When Robinson awoke the next day, the storm was gone. He saw his old ship stranded about a mile out at sea. Along the shore, he saw the wrecked remains of the boat he and the other sailors had tried to escape in. When the tide went out, Robinson was able to walk out until the ship was only a quarter-mile from him, so he swam to the ship and climbed aboard, hoping to find some supplies.
He doesn't recognize it as such now, but Robinson will later appreciate how fortunate he was that the ship was stranded so close to shore, an example of God's good will and providence.
On the ship, Robinson found some food and other supplies. There were no small boats, though, so he had to construct a raft from some scrap pieces of the ship's wood. He loaded the raft with food, liquor, guns, ammunition, and some tools. Using some broken oars, Robinson was able to guide the raft toward the land and into the mouth of a river.
By himself, Robinson cleverly salvages some scraps of wood into a raft, exemplifying the kind of resourcefulness that a life of isolation requires.
Robinson's raft was unstable and he almost lost all of his provisions into the water several times, but he was able to guide the raft along the river and find a place to put the raft on the bank and get all of his supplies onto dry land. Robinson then climbed to the top of a nearby hill to survey where he was: he found that he was on an uninhabited island.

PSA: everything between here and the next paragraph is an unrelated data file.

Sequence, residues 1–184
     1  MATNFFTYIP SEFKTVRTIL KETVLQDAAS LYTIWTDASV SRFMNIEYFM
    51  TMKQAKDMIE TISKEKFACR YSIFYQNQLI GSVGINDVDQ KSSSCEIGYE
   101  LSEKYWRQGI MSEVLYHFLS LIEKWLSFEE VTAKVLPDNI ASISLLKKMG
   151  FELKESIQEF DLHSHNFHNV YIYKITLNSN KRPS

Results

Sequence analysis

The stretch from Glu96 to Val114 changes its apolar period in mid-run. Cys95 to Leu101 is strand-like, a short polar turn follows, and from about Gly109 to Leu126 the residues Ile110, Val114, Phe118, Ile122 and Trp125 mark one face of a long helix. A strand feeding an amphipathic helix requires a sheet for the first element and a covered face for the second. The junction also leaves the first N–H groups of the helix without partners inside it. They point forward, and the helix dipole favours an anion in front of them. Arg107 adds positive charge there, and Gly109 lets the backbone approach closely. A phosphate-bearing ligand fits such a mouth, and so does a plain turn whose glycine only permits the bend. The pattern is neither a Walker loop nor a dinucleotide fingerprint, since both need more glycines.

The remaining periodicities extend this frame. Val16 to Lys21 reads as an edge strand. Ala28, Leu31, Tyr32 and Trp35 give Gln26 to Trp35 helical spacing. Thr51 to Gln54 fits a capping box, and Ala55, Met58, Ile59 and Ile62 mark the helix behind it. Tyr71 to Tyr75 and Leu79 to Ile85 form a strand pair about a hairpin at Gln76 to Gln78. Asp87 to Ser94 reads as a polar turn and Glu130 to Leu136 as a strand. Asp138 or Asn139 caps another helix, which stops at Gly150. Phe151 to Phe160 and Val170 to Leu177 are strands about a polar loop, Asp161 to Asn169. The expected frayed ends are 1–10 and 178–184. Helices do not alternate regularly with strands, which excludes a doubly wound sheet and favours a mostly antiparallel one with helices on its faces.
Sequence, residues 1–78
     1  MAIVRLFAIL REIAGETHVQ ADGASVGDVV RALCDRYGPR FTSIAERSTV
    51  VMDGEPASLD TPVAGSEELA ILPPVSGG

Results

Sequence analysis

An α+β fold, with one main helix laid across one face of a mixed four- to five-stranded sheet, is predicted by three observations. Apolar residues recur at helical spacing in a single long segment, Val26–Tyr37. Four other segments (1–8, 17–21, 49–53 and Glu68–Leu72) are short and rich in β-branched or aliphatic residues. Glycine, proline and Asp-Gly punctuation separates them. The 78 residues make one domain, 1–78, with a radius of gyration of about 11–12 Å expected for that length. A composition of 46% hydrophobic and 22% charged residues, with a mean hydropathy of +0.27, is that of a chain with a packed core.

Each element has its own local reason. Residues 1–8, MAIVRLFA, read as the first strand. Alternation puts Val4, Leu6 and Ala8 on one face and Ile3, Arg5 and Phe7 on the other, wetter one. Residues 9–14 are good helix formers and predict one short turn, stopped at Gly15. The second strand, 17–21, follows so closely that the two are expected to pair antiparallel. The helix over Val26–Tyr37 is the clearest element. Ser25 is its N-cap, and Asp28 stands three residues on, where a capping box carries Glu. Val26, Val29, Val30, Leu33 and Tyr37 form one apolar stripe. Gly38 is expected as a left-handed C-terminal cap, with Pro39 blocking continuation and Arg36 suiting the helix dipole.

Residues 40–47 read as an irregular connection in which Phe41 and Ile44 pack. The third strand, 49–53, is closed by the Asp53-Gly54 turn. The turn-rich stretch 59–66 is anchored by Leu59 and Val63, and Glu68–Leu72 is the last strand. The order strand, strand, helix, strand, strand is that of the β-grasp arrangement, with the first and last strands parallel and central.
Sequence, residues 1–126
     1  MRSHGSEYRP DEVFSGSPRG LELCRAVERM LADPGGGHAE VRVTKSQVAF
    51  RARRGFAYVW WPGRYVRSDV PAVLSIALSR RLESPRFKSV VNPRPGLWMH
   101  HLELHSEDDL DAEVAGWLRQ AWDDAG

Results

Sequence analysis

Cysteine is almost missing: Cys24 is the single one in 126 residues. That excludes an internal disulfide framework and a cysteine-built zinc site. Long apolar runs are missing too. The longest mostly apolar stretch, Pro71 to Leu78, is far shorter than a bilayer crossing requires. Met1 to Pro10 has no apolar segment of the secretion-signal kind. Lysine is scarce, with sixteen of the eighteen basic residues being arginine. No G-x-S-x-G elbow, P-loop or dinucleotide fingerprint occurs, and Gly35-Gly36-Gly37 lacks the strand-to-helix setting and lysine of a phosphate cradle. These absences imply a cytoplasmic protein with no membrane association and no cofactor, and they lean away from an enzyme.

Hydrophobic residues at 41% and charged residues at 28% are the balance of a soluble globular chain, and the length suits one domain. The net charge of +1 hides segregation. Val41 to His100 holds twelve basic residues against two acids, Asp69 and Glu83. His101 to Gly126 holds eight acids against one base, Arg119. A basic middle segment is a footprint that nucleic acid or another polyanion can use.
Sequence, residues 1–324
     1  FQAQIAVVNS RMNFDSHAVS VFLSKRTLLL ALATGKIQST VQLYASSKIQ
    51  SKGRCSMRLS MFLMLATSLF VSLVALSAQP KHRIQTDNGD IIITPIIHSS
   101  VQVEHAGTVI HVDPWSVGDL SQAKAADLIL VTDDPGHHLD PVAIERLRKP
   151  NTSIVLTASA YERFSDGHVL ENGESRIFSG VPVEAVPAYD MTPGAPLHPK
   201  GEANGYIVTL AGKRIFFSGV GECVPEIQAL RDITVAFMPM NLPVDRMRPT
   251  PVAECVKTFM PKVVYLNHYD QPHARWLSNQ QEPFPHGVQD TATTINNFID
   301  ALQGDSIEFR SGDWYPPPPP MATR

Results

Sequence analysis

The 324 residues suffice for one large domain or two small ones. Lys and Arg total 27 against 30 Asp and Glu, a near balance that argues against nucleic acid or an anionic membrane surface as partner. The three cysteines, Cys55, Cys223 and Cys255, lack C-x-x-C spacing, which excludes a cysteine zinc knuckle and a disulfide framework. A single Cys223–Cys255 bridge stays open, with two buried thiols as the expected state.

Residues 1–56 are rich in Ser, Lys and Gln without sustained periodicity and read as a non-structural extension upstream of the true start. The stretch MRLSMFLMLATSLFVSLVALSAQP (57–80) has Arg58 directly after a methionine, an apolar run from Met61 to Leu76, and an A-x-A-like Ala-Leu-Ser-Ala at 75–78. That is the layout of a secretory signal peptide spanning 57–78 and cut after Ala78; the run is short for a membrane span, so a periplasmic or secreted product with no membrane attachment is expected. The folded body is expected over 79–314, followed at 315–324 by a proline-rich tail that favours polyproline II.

Robinson now realizes that he is indeed all alone on this island. He is isolated in every way imaginable from society.
On the way back to his cargo, Robinson shot a bird and says that this was the first time a gun had ever been fired on this island. He made "a kind of hut" with some barrels and chests and planned to make another expedition to the ship.
Completely separated from society, the island had never before heard the shot of a gun—though it's interesting that the sign of civilization is the sound of the firing of a weapon. Robinson begins to make a dwelling, the first step in establishing a life on the island.
Robinson went to the ship many more times, bringing back more food, tools, guns, and various scrap parts of the ship. One time, he found some money on the ship and laughed at how useless it was. He used the ship's sail to make a tent and fortified it all the way around with boxes and barrels to protect him from any wild animals. One day, a powerful storm blew the remains of Robinson's old ship away.
Already isolated on the island, Robinson surrounds his dwelling with a fortification, cordoning himself off even more as an individual. Robinson realizes that outside of society, in a state of nature, money is completely worthless.
Robinson saw a raised plateau against a rock face and decided to move his tent there so that he could see if any ships came by at sea. Using parts of the wrecked ship, he built a protective fence around it, though he says he now knows there was no reason for such caution.
With hindsight, Robinson realizes he didn't need his fence. The fence can be seen as symbolizing his isolation, as he is figuratively fenced off from the rest of the world on the island.